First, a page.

Unlearning one’s way towards being a more effective Process Facilitator


Recently, I had the good fortune of completing the Advanced Facilitation Programme organised by the Institute for Adult Learning and led by Prabu Naidu and Janice Lua.  At the Oral Assessment, I conveyed to Prabu and Janice how I marvel at the ingenuity of the diagrammatic depiction of the FNS (Facilitators Network Singapore) 4D Facilitation Model.  Amazingly, beyond the key stages from D1 to D4, the model comprehensively and succinctly encapsulates the cornerstone, underlying precepts and navigational guideposts for effective process facilitation, all into a single diagram!

FNS 4D Facilitation Model

Unlearning one’s way toward being a more effective Process Facilitator

Why is D4 as important as D1 to D3?

Under the FNS 4D framework, there is certainly very much to learn and acquire in terms of Knowledge-Skills-Attitudes in D1 to D3, which in the main delve into the “doing” part of facilitation.  In a world where “busy-ness” has become a “badge of honour”, “doing things” trump “thinking” and “reflection”.   Why? Because “doing” and “keeping busy” are highly visible and earn the much sought-after external affirmation and acclamation.  Who has ever heard of a student or staff being applauded, let alone rewarded for devoting time for self-reflection?  More likely, such persons would be stereotyped as unproductive loafers or skivers.

But I commend the wisdom of incorporating D4 in the model, without which, the virtuous cycle of learning, doing, reflecting and unlearning will not be complete and the quest toward becoming a better facilitator will be stymied.  While D1 to D3 dwell on the “doing”, D4 dwells on the equally important but oft-neglected “being” part of self-development – Discover New Learning.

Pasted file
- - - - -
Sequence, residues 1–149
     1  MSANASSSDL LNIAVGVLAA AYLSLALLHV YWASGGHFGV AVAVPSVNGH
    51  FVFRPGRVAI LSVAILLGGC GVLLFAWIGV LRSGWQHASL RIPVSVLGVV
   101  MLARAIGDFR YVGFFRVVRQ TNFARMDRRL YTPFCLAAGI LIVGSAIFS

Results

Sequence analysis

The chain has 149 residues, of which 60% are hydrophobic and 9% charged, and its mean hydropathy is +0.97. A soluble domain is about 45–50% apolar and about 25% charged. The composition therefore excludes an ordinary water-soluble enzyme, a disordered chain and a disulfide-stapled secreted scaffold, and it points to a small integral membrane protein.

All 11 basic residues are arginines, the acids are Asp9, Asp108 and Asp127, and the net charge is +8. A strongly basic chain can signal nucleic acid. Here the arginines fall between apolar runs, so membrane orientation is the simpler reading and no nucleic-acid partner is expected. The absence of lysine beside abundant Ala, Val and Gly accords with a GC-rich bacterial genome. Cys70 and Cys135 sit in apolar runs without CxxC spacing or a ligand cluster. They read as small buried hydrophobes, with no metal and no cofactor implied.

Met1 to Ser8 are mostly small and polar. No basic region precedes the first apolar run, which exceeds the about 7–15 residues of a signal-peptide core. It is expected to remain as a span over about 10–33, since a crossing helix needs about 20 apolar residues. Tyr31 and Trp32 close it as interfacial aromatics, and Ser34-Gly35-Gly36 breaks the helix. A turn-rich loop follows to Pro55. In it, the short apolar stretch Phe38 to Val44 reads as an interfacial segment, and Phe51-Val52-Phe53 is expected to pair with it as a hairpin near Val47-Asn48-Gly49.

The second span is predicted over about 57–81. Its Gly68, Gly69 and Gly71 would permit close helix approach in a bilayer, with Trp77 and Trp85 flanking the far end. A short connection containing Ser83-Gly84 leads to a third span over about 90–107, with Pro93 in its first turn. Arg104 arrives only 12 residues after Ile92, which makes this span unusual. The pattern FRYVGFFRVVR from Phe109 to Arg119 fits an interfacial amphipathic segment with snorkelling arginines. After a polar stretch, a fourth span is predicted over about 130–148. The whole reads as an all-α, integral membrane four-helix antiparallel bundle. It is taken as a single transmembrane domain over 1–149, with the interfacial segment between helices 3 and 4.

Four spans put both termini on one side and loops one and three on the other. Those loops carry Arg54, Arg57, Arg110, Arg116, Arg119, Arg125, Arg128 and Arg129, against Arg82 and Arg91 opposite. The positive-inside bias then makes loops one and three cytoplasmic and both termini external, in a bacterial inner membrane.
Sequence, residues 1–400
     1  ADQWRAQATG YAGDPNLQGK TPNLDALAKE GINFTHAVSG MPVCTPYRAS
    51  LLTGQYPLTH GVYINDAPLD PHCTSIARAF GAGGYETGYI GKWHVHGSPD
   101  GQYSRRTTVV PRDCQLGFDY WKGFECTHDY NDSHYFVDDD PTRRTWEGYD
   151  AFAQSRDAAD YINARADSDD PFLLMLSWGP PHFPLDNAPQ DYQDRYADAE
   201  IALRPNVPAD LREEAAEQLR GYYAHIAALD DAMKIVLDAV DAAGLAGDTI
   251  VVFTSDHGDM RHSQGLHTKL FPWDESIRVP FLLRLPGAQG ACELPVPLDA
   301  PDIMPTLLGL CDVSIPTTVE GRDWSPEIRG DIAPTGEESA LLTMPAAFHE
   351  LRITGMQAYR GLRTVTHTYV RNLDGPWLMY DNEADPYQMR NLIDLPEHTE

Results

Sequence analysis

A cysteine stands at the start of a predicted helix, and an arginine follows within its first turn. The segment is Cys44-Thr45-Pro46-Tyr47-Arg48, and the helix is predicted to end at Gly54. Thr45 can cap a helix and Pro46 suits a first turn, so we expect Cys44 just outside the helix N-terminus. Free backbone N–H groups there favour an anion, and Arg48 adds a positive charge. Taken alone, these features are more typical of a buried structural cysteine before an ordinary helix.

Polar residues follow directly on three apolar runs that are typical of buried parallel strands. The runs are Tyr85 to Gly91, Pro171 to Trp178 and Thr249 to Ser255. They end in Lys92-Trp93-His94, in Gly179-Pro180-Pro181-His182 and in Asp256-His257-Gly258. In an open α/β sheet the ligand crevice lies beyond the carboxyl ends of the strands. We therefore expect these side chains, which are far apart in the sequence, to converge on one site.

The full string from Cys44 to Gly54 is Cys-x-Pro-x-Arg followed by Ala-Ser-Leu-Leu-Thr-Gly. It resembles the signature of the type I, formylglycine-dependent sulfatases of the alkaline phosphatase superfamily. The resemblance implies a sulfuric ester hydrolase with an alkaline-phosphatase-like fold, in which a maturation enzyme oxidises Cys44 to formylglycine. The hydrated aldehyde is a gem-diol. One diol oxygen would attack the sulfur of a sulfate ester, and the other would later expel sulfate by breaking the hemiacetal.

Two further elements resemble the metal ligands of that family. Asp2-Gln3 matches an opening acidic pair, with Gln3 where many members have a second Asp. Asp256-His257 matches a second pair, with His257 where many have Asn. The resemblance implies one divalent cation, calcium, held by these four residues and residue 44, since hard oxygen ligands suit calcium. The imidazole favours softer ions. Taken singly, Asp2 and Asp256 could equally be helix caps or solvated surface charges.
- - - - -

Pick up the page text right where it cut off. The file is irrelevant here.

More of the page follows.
I’m equally grateful that Prabu and Janice did not compromise on D4.  Throughout the classes, they diligently and patiently dedicated significant time for us to share self-reflection and to receive feedback.  Each practice was followed by self-critique then feedback from “sponsors”, designated observers, peer learners and finally the trainers/coaches.

Indeed, I found it such a novelty that the peer feedback on the QLASS Observation Form was presented as a “gift” from our peer learners.  That not only underscores the great value attached to candid feedback but serves as a potent catalyst for mindset change in how one perceives and receives feedback, especially feedback on areas where one falls short or should totally stop doing.

How Unlearning is as important if not more important than Learning? D4 helped me do exactly that!

Having been trained as an engineer and served as a National Service battalion commander, I’m steeped in problem-solving, planning and preparation, with an uncompromising zeal to accomplish any mission tasked to me.

Unlearning one’s way toward being a more effective Process Facilitator

Prima facie, these may sound like positive traits for effective process facilitation.  However, everything can be double-edged, i.e., an asset or liability, an enabler or derailer.  Too much of the good thing can become a bad thing.   In practicing any craft, including process facilitation, being au fait (French word for having a good or detailed knowledge of) with the best practices, multiple tools and techniques are necessary but not sufficient.  What sets apart a master facilitator is the one who rises above the dogma and structured technical knowledge to mastery of facilitation as an art that is dynamic and fluid in nature.  The science of facilitation can be taught but the art of facilitation can only be caught through real life practices, making mistakes and humbly receiving feedback from people who care enough to point out our blind spots and shortcomings.

Changing one’s mindsets require Unlearning and Humility

In Kungfu Panda, Master Oogway, the elderly tortoise sage, enlightened Master Shifu, the red panda headmaster of the Jade Palace with this nugget of profound wisdom:

Your mind is like this water, my friend. When it is agitated, it becomes difficult to see.